What is a WordPress plugin?
It’s basically a bit of software that ‘plugs in’ to your website allowing you to add functionality without having to do any coding (though there is usually some configuration involved).
And how do you ‘plug it in’?
Easy as pie – go to Plugins on the WP dashboard, click Add New then search the WordPress directory to see if it’s there. If it is, just click ‘Install Now’ and the plugin will be loaded up to your site. All you have to do now is activate it, configure it, and away you go.
What if it isn’t in the WordPress directory?
That can be slightly more complicated. You need to download the .zip file from the plugin provider (either the author’s website or a marketplace such as Envato) to your computer, then go to Plugins on the WP dashboard, click Add New, click Upload Plugin, browse to where you stored it, select it, upload it, then activate and configure it.
Sounds simple, doesn’t it?
Well to be fair it usually is, though don’t expect it to be plain sailing every time. Sometimes the plugin doesn’t work with your version of WP, your theme, or even with other plugins you already have installed. And sometimes you just can’t get it to do what you thought it was capable of, or maybe the setup instructions don’t make sense.
Why is there this inconsistency?
Basically because of the nature of WordPress. Wordpress is open source software so anyone is at liberty to create a plugin and then offer it for sale (or for free). It can be quite difficult to tell whether your plugin has been written by a reliable software house or by someone who just fancies trying their hand at a bit of coding.
So how do you find a good plugin?
Start with the documentation. If the plugin has no or sparse documentation then leave well alone.
Next step is to see if you can find a changelog. If there isn’t one to be found you should be wary. If there is one, check it to see how frequently the plugin is updated. Even if it’s not updated very often (after all, if it ain’t broke, why fix it?) you would expect it to have some amendments to keep it up to date with WordPress upgrades. If you can’t find a changelog and it’s listed in the WP directory you can see when it was last updated on its thumbnail or home page.
Finally, on that same page you should be able to see whether or not the plugin is compatible with the version of WordPress you’re using. If it’s not it may still work, but don’t be surprised if it doesn’t.
And how much should you pay for a plugin?
That’s a piece of string question. Some excellent plugins are free, some can cost hundreds of pounds (particularly if you need more than one site license), it really depends on what your requirements are.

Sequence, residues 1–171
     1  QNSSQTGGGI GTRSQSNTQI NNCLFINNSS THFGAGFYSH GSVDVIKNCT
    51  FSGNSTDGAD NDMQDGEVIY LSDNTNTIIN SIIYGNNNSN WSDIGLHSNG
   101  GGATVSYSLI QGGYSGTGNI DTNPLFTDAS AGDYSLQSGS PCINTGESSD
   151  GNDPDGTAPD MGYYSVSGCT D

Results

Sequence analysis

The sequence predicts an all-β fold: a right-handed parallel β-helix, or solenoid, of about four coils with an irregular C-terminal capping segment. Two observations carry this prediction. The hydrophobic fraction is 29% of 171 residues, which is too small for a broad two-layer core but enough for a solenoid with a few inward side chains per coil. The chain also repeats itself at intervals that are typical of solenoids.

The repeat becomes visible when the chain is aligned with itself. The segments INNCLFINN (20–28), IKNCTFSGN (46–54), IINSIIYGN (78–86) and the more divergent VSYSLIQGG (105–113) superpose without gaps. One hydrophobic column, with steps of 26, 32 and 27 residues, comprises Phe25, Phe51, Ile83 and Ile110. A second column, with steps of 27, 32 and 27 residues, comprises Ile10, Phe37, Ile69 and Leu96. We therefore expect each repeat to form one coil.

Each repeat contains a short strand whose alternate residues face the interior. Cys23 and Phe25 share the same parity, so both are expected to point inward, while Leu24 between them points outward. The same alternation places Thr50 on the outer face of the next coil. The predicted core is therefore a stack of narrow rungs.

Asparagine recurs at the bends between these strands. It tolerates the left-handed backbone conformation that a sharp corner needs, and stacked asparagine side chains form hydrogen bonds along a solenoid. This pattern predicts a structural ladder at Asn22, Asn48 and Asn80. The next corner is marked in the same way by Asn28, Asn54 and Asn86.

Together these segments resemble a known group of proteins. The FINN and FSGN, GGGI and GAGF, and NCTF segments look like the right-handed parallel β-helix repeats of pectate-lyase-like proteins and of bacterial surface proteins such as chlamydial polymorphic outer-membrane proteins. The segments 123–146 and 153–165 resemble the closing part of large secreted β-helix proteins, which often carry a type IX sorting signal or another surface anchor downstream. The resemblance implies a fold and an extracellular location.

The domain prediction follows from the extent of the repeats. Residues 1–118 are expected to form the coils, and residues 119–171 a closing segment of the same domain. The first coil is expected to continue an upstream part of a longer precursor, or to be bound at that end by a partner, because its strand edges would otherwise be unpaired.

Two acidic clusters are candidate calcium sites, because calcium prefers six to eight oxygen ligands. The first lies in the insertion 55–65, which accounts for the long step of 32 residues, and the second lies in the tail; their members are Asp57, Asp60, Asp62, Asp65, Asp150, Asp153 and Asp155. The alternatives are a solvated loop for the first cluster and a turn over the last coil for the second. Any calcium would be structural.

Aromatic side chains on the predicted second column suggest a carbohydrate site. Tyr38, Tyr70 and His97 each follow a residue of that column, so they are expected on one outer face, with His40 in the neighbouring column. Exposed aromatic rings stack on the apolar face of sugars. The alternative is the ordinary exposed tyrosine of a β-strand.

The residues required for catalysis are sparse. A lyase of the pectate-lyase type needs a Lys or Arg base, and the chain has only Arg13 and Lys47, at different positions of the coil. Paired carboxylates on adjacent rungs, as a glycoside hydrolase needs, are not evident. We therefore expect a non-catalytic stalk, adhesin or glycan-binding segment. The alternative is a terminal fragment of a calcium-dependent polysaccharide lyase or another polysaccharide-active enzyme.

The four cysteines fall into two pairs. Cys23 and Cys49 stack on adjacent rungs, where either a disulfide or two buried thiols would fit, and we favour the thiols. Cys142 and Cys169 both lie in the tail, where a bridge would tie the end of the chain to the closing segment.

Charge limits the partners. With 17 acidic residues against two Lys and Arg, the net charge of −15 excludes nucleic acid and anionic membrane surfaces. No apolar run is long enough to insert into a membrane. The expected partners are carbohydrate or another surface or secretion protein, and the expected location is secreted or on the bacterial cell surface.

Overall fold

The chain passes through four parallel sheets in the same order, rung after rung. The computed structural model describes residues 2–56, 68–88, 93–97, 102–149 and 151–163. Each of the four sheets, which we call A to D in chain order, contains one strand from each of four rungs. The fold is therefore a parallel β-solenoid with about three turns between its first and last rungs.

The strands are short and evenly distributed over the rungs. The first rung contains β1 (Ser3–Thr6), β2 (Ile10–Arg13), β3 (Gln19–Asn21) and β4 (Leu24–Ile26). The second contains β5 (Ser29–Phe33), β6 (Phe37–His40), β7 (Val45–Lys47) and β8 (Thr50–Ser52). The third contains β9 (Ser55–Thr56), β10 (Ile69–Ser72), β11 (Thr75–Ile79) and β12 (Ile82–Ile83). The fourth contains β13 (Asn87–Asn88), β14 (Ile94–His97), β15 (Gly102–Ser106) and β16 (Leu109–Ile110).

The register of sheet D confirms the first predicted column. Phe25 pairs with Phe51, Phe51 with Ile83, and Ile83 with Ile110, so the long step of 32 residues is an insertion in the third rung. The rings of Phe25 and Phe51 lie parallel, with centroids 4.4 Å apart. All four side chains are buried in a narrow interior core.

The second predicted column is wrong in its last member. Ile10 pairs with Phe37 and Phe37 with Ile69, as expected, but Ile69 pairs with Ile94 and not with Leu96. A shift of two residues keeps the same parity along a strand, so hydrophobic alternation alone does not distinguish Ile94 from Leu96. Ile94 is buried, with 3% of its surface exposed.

These are my current top five favourite plugins
All of these have free versions, and all have premium (paid) versions which give you extra functionality.
This is by far my favourite plugin. What does it do? It’s basically anti-virus, firewall and caching software for your site. I have a few sites under my care which came to me after they’d been repeatedly hacked, and none of them had this installed. After cleaning and updating the sites I installed Wordfence and have had no further problems. Even with the free version the range of protection it gives and its reporting capabilities are second to none.
This is a plugin which you can use to put a captcha on any form on your website – login forms, comment boxes, even contact forms. The reason I particularly like it is because it doesn’t use one of those horrible squiggly guess-the-random-letters images which suck at your self esteem as you wonder if you’re the only one in the world who can’t read a simple string of letters. Instead, it uses a little maths sum. Sometimes the sum can be quite hard (8 x ? = 56 is about as hard as it gets), but usually it’s much easier – maybe a picture of nine dots from which you need to take 1 then supply the answer.
There are many forms plugins out there, and truth be told I’ve only tried a handful, but this one comes out top for me. I find it easy to use, it has a wide range of functionality and it’s kept up to date regularly. Just one word of warning: if you use the free version you won’t have access to updates.
This plugin displays Google analytics reports and real-time statistics in your dashboard.
Why do I like it? Just because it gives me a very quick and easy-to-read view of traffic to my site. The Google analytics application has much more information in it than this dashboard, but you almost need a degree in it to be able to interpret it. I find this more than meets my needs.
I’ve included this one with a mixture of reluctance and sadness. It’s an excellent and powerful plugin which blocks spammers from leaving comments or logging in, and protects sites from robot registrations and malicious attacks.
So why the reluctance and sadness? Because I suspect that it’s no longer being maintained. At the time of writing this it was last updated eight months ago and is not compatible with the current version of WordPress. So I reckon I’m going to have to find a replacement. Suggestions anyone?